My impression is that homelessness and violence and hunger have causes that are rooted in one or more generations of family living previous to the person actually standing in front of me. I don't see much hope, although the object of providing the services is that there may be hope for every individual. I no longer believe it makes a positive difference to feed a homeless alcoholic drug addict if all it does is keep him alive to wander, drink, and do drugs. I wonder if it wouldn't be kinder to hand him the strongest cocaine available in large quantities and let him kill himself joyfully.

-- helen (, May 30, 2002.

I think you said it best, Helen.

-- Maria (, May 31, 2002.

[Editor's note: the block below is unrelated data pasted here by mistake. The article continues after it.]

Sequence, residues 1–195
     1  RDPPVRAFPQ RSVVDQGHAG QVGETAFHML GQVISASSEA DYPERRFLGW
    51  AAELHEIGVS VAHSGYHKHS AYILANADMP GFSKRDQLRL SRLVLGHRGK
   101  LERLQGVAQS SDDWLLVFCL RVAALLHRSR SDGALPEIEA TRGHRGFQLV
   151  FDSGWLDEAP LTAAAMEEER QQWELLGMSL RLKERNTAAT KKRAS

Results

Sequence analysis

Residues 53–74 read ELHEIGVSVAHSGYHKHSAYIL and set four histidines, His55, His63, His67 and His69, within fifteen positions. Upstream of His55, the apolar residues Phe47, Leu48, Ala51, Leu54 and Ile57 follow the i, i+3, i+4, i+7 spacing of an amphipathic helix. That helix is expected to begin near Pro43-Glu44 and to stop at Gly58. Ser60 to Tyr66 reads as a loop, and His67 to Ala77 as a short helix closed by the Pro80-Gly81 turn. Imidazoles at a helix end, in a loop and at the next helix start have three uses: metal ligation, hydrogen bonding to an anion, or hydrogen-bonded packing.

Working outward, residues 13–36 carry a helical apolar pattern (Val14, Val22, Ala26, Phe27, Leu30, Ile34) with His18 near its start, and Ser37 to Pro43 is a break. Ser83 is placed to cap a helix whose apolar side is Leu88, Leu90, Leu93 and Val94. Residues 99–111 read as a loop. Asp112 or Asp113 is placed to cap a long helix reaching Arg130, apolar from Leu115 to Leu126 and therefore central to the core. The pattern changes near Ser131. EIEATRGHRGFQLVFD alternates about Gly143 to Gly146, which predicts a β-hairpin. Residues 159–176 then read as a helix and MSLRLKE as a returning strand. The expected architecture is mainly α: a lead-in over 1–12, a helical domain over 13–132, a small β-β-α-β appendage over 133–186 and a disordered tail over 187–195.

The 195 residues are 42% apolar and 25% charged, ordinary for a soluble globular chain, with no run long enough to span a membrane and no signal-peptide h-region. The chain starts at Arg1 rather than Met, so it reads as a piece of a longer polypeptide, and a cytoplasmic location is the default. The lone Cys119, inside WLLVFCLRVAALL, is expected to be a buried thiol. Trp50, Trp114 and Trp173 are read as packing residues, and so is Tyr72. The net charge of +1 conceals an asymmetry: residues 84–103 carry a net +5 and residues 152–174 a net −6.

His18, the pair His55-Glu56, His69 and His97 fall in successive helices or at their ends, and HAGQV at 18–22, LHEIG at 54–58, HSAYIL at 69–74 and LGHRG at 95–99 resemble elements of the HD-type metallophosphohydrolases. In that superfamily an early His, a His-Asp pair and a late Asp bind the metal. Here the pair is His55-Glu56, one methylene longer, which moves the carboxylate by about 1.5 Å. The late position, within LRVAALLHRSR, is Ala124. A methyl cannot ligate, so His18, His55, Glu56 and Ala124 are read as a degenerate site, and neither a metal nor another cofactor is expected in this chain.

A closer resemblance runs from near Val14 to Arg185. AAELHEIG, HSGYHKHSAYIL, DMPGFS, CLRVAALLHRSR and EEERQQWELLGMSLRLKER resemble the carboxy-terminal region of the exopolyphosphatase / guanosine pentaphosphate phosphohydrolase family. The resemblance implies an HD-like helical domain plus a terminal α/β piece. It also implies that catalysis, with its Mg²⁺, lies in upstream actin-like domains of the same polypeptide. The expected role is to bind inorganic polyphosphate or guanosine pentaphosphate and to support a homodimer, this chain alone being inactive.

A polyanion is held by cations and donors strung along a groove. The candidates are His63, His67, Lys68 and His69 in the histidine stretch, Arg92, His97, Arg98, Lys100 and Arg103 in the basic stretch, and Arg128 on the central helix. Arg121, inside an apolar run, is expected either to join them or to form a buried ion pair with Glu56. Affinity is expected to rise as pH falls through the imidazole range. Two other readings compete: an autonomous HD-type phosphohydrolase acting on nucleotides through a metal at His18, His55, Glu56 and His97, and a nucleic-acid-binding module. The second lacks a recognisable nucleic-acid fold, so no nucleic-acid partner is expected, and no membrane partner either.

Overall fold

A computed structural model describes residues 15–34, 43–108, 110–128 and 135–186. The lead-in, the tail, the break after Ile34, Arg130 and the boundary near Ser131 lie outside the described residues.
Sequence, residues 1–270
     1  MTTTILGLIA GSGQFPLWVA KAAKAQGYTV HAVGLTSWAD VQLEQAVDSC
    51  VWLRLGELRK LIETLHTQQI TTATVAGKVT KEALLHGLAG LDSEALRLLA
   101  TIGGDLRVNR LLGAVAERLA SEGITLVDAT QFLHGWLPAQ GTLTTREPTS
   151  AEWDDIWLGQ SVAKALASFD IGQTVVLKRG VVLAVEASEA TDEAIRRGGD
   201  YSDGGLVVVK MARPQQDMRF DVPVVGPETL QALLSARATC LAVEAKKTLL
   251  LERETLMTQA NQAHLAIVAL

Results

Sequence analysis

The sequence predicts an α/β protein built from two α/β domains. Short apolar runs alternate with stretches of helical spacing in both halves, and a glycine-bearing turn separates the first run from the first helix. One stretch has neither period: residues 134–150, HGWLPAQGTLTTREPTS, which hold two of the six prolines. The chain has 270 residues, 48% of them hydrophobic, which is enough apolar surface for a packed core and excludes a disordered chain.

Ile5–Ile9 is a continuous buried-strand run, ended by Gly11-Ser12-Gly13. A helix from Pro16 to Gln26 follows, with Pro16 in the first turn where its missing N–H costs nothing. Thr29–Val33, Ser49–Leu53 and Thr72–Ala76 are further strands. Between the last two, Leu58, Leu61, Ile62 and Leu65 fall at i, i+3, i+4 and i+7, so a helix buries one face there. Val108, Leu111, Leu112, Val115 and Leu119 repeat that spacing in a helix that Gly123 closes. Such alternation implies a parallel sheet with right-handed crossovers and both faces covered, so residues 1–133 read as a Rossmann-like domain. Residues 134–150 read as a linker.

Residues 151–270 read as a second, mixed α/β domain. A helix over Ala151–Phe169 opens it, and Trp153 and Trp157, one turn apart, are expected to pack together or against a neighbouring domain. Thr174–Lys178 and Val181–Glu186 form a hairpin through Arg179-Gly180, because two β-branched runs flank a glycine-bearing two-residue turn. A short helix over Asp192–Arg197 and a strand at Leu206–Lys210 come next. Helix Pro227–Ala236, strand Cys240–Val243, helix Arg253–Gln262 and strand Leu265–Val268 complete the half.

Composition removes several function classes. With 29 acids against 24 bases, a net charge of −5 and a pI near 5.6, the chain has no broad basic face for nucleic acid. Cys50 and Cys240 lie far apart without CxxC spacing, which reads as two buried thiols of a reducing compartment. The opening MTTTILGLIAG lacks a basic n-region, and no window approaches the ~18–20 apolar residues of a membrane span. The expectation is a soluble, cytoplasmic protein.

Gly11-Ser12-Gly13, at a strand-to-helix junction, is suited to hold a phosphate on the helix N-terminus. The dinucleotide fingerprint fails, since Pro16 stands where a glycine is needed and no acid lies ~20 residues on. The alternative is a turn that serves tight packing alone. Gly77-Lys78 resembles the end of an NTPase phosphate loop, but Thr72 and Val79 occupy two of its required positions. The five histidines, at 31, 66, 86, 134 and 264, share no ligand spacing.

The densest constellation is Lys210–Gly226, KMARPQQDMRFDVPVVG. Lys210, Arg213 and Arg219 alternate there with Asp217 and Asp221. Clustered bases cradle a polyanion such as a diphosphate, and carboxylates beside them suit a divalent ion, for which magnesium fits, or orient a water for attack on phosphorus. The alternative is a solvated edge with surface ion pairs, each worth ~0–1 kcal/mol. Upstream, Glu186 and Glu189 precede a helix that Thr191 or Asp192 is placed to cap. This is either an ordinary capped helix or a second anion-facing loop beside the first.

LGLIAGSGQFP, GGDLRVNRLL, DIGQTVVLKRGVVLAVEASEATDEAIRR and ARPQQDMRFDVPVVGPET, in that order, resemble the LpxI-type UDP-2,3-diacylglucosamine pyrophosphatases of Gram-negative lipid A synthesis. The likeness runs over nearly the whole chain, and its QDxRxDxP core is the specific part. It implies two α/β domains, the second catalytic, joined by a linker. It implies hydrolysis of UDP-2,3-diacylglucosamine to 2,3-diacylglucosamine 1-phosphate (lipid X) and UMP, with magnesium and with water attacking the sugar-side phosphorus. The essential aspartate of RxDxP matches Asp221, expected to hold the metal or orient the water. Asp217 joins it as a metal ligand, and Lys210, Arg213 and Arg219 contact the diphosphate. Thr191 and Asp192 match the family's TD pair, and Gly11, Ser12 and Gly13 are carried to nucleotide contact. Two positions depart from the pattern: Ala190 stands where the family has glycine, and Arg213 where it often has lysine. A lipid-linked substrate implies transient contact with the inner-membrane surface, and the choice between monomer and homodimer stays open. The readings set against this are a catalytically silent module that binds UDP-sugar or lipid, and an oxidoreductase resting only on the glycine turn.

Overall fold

Cherri will understand the need for corporate America and the economic structure.

I understand the need and beauty of corporate America, it is the corruption of what once was a great system that disturbs me.

-- Cherri (whatever@who.cares), June 02, 2002.

"I understand the need and beauty of corporate America"

"beauty"? "BEAUTY"??

LOL, I definitely wouldn't go that far. Even the need is questionable.

-- (corporations@are.fascist), June 02, 2002.

Ken, I am in total agreement with you and moreso. Your observations are kinder Helen, than mine are. Having worked with the Medicaid system for nigh onto 19 years, and now dealing with the welfare system I feel like I have seen it all, and it's not a pretty sight. I daily wonder about the wisdom of our legislators and their use of taxpayer dollars, which include mine. I think I am becoming a libertarian! People who "demand" their entitlement as a profession are exhausting! And believe you me, some of them make a job of it!